Make no bones about it – we’re fans of push-ups here. But what about dips? In the world of basic bodyweight exercise routines, dips seem to get no love, despite the fact that their cousin, the pull-up, is viewed as a staple exercise!
If you’re trying to decide on dips vs push-ups for your own program, read on.
Push-ups vs dips: practical differences (and similarities)
I’m going to let you in on a little secret here: dips and push-ups are basically the same exercise.
Though they feature different pressing angles, they are both calisthenic horizontal pressing exercises. One involves keeping your feet on the ground, while the other involves suspending them in the air – that’s it.
This is why they complement each other so well in the context of a program. For the sake of discussion, let’s explore some of the nuances between these two exercises:
For the sake of discussion, the practical differences between dips and push-ups are:
- Dips use a lower pressing angle, more similar to a decline bench press, whereas push-ups utilize a more horizontal angle, similar to a flat bench press.
- Dips require equipment, push-ups don’t.
- By their nature, dips are harder than push-ups, because you are lifting your entire body weight.
- Dips utilize a longer range of motion.
- Some people’s shoulders tolerate dips very well, and others’ don’t.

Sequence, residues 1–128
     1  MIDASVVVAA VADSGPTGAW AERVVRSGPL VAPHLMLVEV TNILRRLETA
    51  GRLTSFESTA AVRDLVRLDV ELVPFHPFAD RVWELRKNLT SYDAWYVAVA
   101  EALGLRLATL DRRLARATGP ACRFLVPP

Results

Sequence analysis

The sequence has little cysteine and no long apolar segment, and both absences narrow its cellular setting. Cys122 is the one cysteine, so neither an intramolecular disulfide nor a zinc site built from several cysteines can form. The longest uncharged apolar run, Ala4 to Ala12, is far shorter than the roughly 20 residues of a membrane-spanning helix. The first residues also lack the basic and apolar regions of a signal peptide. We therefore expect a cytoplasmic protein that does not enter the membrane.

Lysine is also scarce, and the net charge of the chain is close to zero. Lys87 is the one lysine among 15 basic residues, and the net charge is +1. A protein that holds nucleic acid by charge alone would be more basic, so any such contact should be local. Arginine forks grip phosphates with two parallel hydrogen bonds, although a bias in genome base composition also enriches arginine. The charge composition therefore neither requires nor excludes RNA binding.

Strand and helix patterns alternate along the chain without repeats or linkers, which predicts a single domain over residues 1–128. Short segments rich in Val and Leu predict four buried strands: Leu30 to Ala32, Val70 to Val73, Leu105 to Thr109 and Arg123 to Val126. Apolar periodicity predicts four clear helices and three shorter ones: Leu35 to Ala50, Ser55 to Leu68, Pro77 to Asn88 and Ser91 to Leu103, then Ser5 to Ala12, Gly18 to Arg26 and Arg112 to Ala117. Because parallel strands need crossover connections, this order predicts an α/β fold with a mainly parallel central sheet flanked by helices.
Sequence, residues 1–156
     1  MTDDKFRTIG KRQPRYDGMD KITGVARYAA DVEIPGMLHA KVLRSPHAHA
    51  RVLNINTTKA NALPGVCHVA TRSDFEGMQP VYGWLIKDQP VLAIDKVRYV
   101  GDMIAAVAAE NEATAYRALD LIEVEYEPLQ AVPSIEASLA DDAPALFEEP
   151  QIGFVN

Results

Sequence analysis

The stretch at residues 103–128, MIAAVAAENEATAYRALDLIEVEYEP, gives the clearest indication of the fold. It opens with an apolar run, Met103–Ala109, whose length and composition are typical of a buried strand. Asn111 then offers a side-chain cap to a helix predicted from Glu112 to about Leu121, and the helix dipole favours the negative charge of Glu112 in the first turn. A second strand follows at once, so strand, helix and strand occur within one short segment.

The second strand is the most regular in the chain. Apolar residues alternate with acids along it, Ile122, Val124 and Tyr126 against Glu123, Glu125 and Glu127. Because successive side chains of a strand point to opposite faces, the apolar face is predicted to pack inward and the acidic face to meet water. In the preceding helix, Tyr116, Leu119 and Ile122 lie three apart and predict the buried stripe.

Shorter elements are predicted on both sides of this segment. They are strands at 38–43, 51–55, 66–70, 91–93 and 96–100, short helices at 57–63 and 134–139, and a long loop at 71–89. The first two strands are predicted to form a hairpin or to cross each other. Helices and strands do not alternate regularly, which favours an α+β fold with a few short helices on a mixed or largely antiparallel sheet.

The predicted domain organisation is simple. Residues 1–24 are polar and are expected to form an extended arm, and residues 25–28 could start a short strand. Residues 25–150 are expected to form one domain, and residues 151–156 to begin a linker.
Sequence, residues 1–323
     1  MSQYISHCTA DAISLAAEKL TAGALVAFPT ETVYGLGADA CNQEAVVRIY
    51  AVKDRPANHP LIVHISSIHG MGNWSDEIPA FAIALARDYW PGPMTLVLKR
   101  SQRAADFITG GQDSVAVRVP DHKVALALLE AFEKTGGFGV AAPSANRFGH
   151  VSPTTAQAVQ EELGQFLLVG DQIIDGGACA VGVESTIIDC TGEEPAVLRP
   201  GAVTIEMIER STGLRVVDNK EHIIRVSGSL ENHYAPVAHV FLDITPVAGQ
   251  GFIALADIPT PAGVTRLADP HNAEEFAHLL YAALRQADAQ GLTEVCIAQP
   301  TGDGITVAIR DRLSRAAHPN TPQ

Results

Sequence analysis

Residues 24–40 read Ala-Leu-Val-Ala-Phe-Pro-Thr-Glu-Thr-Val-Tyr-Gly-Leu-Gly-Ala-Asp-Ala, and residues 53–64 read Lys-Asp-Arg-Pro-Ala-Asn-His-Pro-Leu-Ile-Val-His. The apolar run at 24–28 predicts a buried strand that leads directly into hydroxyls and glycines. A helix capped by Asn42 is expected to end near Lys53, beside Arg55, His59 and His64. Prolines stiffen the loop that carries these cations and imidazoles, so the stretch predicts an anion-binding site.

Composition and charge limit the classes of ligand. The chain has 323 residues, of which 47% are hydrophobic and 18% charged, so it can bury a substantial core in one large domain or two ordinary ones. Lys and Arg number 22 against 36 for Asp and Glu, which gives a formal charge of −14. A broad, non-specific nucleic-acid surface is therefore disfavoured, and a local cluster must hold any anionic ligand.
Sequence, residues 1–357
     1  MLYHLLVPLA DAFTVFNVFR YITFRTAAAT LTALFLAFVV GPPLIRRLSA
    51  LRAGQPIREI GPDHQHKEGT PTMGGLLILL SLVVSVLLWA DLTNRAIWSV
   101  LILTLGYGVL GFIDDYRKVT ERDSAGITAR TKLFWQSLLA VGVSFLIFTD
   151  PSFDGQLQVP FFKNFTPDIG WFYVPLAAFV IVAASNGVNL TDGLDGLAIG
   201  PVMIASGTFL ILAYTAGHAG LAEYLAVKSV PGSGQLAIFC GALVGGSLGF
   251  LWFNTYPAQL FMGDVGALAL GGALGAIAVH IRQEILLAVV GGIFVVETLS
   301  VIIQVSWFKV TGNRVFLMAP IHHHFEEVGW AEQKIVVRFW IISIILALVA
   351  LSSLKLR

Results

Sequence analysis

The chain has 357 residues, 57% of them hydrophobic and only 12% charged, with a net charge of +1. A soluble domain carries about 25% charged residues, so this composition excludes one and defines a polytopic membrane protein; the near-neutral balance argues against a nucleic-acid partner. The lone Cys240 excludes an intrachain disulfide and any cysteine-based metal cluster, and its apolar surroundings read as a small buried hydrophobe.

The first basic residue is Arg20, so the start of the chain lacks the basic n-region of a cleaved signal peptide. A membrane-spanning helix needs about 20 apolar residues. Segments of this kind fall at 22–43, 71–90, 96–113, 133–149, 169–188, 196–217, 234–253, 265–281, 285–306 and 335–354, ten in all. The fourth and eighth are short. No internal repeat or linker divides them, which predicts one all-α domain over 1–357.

The similarities are:
- They are both compound horizontal pressing exercises.
- Muscles worked are identical: chest, anterior deltoid (front of the shoulder), and triceps.
At the end of the day, if we’re following evidence-based principles of building strength and muscle mass (doing 10-20 sets per week, close to failure, at a 2-4x per week frequency), it’s unlikely that our choice to do dips over push-ups (or vice versa) is going to be a big difference maker in our programming.
So how do you know which exercise to choose? Let’s examine the advantages of each, and then discuss their applications for various fitness goals:
Advantages of push-ups over dips
This may be the most obvious advantage: push-ups can be done anywhere. If you’re one of those wandering minimalists (no judgment here), then push-ups are likely going to be your go-to for a compound pressing exercise.
2. They can be easier on the joints
While I certainly don’t intend to nocebo anyone here, you just don’t hear as many complaints about shoulder pain from people who do push-ups instead of dips.